In general, the distinguishing feature of science fiction is that the imagined world involves additional or different scientific rules. It is striking how few novelists have played around with human culture and social structures. In fact, this seems to be the province of literary fiction. Those science fiction writers who have attempted it are distinguished by their scarcity, and also their quality. Margaret Atwood springs to mind. However, science fiction has often, in a much less ambitious way, expressed contemporary tensions within the societies producing them. A good example is the first interracial kiss on US television, between Uhura and Kirk in Star Trek. More recently, the revival of Dr Who contained a character, Captain Jack, who was clearly bisexual (or at the very least an equal opportunity lech) but yet captured in every other way the archetype of the square jawed action hero. It is in these small ways that sci-fi has generally tinkered with our expectations of human society.

Interestingly, almost all such attempts have centred on human sexual relationships. What are we to make of this? It seems easier for novelists to alter physical laws than cultural expectations. It might be easy to see in this a sort of sociobiological argument for the structure of the societies in which we find ourselves, but I think it is more likely that we would find it very difficult indeed to identify with characters who truly inhabited a human milieu which was very different from our own. After all, we find the thoughts and expectations of the Victorian era shockingly reactionary when compared with our own. Hence such stories just would not sell, and so we do not find them in the bookstore.

Having said that, the majority of the futuristic worlds which novelists have made for us are still unbelievably parochial. If we are seriously interested in using science fiction to explore our humanity and place in the universe, the scientific nature of that humanity has to be up for grabs. The programme of research which calls itself evolutionary psychology is clearly a serious and successful approach to understanding this, even if it is true that some or many of its conclusions should not be accepted at face value: just because an explanation makes reference to natural selection does not mean it is the right one. It is easy, almost ridiculously so, to see Darwinian motivations behind such historical innovations as the chastity belt or droit de seigneur. And although controversial, we can extend similar analyses to modern society.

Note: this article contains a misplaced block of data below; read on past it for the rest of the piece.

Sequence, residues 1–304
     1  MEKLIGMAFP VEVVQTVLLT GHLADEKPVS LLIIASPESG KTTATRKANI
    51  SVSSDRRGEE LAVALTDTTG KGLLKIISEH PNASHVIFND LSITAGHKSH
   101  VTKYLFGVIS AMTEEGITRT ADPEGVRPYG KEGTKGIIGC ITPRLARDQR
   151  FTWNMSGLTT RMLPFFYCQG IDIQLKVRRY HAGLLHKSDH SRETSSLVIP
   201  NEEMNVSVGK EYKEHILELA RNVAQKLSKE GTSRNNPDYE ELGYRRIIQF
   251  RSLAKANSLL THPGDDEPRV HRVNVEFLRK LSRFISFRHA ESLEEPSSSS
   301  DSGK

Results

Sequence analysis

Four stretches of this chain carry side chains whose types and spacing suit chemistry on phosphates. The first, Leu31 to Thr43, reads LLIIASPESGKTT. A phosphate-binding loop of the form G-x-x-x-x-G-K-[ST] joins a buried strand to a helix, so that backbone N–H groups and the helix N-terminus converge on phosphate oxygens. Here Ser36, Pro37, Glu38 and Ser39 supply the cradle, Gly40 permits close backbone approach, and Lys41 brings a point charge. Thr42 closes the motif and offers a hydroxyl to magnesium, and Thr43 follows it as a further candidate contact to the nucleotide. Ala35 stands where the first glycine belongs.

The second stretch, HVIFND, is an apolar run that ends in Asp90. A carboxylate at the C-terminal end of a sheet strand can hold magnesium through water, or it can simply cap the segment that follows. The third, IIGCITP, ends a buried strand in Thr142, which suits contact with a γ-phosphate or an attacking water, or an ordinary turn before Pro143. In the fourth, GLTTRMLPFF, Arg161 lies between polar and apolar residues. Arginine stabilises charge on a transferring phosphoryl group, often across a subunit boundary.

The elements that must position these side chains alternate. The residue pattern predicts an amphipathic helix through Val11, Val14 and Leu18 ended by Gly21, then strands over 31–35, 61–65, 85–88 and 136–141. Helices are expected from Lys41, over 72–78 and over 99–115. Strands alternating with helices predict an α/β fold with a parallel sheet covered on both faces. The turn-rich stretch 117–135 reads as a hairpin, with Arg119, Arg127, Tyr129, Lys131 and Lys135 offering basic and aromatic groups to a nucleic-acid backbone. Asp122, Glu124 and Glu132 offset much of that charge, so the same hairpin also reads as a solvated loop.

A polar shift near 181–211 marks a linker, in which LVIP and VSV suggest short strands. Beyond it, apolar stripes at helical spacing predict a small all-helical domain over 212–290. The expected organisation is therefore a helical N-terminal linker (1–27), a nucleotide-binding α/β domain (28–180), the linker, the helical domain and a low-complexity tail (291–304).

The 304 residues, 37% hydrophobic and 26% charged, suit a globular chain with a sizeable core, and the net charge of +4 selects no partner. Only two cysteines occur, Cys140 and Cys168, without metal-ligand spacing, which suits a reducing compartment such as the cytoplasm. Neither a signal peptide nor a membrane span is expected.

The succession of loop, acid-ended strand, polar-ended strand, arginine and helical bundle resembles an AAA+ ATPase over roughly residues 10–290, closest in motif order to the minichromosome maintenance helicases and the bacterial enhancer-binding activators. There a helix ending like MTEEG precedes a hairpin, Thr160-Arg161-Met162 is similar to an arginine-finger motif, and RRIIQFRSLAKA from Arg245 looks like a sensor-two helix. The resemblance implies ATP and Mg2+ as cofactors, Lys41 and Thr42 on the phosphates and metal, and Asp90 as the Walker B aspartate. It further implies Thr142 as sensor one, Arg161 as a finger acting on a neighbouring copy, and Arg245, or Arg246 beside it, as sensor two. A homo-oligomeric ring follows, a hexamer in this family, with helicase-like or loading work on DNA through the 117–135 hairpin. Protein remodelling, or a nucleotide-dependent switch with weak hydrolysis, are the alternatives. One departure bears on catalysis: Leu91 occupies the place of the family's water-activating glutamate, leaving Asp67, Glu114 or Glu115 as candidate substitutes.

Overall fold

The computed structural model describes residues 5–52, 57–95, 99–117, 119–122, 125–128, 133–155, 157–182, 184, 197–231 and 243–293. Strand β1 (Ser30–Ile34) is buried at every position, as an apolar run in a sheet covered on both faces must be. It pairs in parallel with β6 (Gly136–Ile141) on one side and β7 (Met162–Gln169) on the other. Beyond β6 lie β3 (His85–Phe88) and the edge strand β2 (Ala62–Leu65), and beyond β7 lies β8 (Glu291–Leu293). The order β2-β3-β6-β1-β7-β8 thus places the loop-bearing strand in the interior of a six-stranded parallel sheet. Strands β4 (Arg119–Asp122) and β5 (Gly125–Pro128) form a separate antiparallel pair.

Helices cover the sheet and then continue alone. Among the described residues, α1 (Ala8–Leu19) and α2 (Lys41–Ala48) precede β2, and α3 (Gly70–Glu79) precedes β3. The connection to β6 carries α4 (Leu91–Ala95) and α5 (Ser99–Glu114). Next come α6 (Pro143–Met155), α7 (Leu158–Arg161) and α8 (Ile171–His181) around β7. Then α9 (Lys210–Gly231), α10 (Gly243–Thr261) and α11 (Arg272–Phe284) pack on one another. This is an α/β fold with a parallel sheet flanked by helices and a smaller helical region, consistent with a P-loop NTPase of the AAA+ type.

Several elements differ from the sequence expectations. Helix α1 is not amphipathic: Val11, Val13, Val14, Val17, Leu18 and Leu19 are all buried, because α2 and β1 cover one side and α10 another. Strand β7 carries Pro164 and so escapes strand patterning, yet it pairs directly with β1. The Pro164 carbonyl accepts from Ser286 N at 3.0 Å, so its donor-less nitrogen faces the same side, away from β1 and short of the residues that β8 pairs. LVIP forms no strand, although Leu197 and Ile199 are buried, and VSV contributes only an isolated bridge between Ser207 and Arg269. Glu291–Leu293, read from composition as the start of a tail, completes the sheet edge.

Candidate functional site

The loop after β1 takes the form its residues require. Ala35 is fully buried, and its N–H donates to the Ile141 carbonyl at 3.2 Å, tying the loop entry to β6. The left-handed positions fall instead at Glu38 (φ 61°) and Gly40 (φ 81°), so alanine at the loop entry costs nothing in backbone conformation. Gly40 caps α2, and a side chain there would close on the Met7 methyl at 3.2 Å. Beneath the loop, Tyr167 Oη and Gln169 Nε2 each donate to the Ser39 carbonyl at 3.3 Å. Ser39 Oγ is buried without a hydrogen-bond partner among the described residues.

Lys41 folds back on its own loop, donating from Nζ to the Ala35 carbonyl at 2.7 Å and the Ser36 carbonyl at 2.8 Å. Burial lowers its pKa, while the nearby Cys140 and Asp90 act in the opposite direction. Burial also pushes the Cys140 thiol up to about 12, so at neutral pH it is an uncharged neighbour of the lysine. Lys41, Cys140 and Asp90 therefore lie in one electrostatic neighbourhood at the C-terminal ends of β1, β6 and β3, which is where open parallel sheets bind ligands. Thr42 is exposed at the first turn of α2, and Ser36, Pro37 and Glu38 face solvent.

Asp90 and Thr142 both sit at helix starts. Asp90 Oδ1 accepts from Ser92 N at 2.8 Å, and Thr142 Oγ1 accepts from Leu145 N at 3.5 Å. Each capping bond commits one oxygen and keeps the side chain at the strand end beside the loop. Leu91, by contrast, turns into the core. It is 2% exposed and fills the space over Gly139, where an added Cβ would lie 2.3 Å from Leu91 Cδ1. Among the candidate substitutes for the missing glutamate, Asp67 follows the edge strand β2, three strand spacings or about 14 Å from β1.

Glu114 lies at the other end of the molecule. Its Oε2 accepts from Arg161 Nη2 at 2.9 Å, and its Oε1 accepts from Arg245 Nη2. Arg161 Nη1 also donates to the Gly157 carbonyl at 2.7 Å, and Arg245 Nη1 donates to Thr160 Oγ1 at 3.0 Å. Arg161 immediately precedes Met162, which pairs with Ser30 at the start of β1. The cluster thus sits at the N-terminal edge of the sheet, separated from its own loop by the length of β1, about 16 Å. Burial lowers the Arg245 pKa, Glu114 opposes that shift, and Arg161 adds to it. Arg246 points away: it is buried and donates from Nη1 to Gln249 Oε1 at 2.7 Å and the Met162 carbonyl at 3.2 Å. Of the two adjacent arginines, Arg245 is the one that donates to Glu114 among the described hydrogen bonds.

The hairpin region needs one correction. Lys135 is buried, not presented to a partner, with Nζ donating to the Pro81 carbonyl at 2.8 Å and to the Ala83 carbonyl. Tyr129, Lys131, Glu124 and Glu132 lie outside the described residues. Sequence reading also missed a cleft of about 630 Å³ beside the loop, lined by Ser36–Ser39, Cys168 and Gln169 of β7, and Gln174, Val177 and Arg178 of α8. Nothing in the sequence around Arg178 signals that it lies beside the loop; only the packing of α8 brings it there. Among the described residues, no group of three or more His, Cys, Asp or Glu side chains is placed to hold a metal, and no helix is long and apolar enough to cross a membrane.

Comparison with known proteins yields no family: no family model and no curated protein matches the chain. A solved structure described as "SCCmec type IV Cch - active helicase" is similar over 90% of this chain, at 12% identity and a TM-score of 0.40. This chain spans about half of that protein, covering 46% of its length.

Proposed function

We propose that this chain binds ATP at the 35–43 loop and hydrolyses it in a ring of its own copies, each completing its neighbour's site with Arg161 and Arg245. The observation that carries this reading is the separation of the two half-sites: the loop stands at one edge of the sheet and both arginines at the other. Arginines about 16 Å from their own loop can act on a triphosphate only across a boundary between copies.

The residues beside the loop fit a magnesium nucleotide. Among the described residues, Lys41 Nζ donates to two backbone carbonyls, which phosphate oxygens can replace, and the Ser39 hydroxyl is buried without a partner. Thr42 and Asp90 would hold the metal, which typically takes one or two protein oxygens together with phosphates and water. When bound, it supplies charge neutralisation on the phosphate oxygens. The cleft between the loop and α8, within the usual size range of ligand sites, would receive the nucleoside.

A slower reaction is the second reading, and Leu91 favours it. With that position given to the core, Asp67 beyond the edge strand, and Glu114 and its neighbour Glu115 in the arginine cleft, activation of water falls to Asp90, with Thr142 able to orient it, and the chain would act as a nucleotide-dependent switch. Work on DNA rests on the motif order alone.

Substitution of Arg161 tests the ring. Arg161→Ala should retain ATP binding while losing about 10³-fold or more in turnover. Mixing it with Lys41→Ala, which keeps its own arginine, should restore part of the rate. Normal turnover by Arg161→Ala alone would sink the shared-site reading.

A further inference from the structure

The impact of changing reproductive technologies on our species is a source of endless speculation but (with the honourable exception of Atwood and a few other trailblazers), novelists’ imaginations have seemed wary of straying from obvious nostrums. This depresses me. Consider that within industrialised societies, we can if we so choose almost entirely divorce sex from reproduction. This already is an enormous change from the worlds of our recent ancestors, and it has created changes in society, dating from roughly the 1960s, which are still in progress. There is no reason to suspect that these changes, despite the best efforts of reactionaries everywhere, will be rolled back. Yet how many writers setting their stories in the near future – let alone the far – are prepared to examine their impact? How much larger tomorrow will be the consequences of novel reproductive technologies in development today?

I do not wish to suggest that no authors have considered these topics, rather that the relish with which they have approached the physical world is conspicuously lacking from treatments of society. I’ve already mentioned Attwood as an exception. J. G. Ballard is another. The French writer Michel Houellebecq has written much in this vein, but for him, the scientific groundings of societal structure in genetics seems to be a source of inspiration for his work, and imposes only a flimsy structure on it. This situation is akin to Graham Greene’s treatment of Catholicism more as a means of keeping score of his sins rather than as a religion.

Over history, we have seen civilisations constructed around human sacrifice on a huge scale, or genital mutilation as a prerequisite for holding a civil service post, or bisexuality as a stage in a young man’s education. This alone should be a reason for writers to explore the variety of ways a culture or society can be constructed, even without the many reasons we might have at the present time for thinking the future will be even more different than the past. Furthermore, by transporting us into such worlds, novelists have a real and important role to play in informing the debate about in what kind of world we want to live. Let us hope for more of this, and less of the laser pistols.